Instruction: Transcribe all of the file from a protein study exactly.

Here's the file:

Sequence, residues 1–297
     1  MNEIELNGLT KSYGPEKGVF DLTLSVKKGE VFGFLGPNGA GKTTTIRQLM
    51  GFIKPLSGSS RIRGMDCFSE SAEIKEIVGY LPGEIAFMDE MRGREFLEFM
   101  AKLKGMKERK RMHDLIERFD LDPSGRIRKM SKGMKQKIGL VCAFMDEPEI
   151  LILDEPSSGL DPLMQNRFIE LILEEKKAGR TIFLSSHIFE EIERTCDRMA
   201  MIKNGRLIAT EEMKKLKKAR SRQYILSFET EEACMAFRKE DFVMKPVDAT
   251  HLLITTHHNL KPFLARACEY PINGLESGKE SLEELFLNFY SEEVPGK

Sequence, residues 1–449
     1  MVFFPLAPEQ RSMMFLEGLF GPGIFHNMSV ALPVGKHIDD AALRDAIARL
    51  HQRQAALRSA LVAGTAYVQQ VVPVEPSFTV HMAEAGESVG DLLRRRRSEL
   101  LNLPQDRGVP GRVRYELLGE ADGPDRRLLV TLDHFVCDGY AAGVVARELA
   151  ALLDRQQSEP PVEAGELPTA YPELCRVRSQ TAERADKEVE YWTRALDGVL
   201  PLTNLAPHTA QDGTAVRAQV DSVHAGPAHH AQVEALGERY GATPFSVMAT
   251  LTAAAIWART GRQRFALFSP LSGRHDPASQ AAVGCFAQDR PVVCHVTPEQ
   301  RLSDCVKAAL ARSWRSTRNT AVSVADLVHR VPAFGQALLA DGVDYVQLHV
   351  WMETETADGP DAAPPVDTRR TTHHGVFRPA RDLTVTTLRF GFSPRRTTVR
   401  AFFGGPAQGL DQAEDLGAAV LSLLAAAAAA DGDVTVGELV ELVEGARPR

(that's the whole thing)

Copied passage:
Sequence, residues 1–297
     1  MNEIELNGLT KSYGPEKGVF DLTLSVKKGE VFGFLGPNGA GKTTTIRQLM
    51  GFIKPLSGSS RIRGMDCFSE SAEIKEIVGY LPGEIAFMDE MRGREFLEFM
   101  AKLKGMKERK RMHDLIERFD LDPSGRIRKM SKGMKQKIGL VCAFMDEPEI
   151  LILDEPSSGL DPLMQNRFIE LILEEKKAGR TIFLSSHIFE EIERTCDRMA
   201  MIKNGRLIAT EEMKKLKKAR SRQYILSFET EEACMAFRKE DFVMKPVDAT
   251  HLLITTHHNL KPFLARACEY PINGLESGKE SLEELFLNFY SEEVPGK

Sequence, residues 1–449
     1  MVFFPLAPEQ RSMMFLEGLF GPGIFHNMSV ALPVGKHIDD AALRDAIARL
    51  HQRQAALRSA LVAGTAYVQQ VVPVEPSFTV HMAEAGESVG DLLRRRRSEL
   101  LNLPQDRGVP GRVRYELLGE ADGPDRRLLV TLDHFVCDGY AAGVVARELA
   151  ALLDRQQSEP PVEAGELPTA YPELCRVRSQ TAERADKEVE YWTRALDGVL
   201  PLTNLAPHTA QDGTAVRAQV DSVHAGPAHH AQVEALGERY GATPFSVMAT
   251  LTAAAIWART GRQRFALFSP LSGRHDPASQ AAVGCFAQDR PVVCHVTPEQ
   301  RLSDCVKAAL ARSWRSTRNT AVSVADLVHR VPAFGQALLA DGVDYVQLHV
   351  WMETETADGP DAAPPVDTRR TTHHGVFRPA RDLTVTTLRF GFSPRRTTVR
   401  AFFGGPAQGL DQAEDLGAAV LSLLAAAAAA DGDVTVGELV ELVEGARPR